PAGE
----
“Then a new record was set in the Gulf. None of the above came close to the effect of the drones launched by the Houthi rebels in Yemen – another country with a tradition of pipeline sabotage – against Aramco’s refineries in Abqaiq, the world’s biggest oil processing facility, on 14 September 2019. The unmanned vehicles swarmed into the precincts to puncture storage tanks, light fires, disable processing trains; in one fell stroke, half of the oil production in Saudi Arabia, accounting for 7 per cent of global supplies, had to be taken offline. No single action in the history of sabotage and guerrilla war had achieved a commensurate break on the pumping of oil. According to a chorus of pundits, it heralded a new era of asymmetric warfare: now rebels can use tiny, cheap, toy-like planes to knock out pillars of the energy system. Business news site Bloomberg quivered. The Abqaiq action provided ‘stark evidence of the vulnerability of global crude supply in an age of disruptive technologies that can bring a century-old industry to its knees – at least temporarily’. What more could a climate activist dream of?”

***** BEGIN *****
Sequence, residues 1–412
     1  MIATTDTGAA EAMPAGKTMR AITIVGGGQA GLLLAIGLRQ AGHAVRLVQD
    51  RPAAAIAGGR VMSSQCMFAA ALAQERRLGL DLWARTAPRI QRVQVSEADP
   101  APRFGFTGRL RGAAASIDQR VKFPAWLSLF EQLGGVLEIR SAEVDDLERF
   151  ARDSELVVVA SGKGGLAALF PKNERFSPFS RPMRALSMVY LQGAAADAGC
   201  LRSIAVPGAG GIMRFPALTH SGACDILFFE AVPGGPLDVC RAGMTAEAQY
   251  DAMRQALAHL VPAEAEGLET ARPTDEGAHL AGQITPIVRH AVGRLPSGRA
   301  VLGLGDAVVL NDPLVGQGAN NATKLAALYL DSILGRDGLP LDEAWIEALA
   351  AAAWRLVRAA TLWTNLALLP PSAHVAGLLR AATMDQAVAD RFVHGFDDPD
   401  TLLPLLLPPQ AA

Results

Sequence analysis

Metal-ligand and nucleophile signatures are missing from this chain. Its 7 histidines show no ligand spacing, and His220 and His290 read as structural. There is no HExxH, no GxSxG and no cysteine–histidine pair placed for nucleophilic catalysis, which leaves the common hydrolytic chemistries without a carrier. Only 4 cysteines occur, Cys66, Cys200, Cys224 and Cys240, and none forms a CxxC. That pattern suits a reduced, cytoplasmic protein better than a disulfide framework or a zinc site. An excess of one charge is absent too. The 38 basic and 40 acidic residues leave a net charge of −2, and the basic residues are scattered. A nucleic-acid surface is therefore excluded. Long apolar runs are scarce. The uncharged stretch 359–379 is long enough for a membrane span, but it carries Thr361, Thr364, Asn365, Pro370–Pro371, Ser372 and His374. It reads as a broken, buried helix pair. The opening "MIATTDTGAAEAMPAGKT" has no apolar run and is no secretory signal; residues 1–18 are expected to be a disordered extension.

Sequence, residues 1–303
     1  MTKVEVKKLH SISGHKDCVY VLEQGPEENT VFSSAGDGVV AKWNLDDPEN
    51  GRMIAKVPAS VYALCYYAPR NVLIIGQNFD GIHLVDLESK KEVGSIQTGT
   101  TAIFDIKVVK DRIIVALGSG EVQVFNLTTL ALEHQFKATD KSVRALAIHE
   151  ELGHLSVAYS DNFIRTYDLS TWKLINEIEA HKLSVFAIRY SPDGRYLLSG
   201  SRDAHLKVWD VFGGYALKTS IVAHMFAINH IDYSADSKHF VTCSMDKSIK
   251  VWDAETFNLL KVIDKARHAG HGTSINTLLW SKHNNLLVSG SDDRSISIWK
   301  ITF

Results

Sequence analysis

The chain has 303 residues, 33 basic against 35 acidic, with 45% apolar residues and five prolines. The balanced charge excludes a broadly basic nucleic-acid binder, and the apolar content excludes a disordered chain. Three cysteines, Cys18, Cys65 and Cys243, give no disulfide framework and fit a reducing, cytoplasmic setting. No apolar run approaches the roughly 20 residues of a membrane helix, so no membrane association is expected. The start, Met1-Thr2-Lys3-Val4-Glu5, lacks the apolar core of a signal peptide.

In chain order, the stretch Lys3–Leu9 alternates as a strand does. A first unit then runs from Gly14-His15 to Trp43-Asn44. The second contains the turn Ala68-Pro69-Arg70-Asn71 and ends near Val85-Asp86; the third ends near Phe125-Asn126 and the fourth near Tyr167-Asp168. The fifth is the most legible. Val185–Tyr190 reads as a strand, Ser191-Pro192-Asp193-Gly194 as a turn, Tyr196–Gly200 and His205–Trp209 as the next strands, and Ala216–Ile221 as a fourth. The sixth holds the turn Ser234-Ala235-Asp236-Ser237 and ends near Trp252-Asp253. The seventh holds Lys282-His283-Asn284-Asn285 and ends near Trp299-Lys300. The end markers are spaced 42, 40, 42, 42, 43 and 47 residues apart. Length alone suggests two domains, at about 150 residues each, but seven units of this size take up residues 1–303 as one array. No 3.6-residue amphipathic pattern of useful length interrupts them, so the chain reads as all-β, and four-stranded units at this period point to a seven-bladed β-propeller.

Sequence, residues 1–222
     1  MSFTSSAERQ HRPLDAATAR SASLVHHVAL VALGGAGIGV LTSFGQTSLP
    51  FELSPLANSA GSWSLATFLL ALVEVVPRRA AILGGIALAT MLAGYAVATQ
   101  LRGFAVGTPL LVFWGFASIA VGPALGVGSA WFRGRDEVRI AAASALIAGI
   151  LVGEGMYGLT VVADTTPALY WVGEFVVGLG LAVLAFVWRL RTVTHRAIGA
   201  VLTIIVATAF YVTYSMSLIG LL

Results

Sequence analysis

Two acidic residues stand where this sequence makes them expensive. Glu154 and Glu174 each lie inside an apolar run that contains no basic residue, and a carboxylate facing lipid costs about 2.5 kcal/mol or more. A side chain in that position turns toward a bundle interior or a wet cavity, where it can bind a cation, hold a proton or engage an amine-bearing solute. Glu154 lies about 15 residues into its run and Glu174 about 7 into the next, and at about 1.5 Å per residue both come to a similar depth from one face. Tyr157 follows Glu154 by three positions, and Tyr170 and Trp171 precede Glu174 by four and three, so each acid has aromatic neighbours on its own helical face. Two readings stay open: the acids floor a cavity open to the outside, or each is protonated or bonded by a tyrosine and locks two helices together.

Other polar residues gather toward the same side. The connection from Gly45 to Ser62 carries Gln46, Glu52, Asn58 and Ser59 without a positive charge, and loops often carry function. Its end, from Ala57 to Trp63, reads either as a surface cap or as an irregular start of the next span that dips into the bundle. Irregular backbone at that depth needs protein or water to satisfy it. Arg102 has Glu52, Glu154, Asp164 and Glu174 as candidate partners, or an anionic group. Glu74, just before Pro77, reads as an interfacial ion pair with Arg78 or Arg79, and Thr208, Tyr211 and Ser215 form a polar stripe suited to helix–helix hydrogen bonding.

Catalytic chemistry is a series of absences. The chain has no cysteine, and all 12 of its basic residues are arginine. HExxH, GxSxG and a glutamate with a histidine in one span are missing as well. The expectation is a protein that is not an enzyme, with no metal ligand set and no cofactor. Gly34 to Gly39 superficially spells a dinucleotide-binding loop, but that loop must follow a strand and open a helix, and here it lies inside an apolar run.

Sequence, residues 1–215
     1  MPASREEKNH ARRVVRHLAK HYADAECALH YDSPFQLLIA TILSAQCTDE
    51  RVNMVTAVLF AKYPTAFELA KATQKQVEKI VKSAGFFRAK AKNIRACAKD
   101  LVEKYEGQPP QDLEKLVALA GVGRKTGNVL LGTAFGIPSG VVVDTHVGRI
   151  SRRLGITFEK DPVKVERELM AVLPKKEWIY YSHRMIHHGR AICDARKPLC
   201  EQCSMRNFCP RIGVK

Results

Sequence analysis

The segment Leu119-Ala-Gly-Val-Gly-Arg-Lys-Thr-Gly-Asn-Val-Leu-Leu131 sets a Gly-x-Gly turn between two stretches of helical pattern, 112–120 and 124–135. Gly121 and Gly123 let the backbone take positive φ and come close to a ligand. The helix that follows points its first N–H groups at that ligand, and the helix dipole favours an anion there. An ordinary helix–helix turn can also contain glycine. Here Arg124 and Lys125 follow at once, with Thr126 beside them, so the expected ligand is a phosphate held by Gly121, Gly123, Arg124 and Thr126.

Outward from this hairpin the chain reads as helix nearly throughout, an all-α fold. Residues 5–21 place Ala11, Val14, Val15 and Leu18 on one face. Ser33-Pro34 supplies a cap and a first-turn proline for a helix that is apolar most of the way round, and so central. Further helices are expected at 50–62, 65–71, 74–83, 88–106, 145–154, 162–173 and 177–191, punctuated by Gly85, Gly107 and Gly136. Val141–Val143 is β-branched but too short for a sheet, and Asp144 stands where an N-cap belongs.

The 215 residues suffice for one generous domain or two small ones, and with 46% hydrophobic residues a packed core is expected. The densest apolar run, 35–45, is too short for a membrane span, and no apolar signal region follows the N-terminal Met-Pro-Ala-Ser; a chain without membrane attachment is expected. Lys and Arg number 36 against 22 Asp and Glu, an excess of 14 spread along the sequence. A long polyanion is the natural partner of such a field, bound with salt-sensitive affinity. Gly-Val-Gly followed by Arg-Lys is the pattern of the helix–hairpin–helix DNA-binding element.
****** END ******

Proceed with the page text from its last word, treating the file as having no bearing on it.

Excerpt From
How to Blow Up a Pipeline: Learning to Fight in a World on Fire
Andreas Malm

Drones blow up oil processing facility
John Kazior
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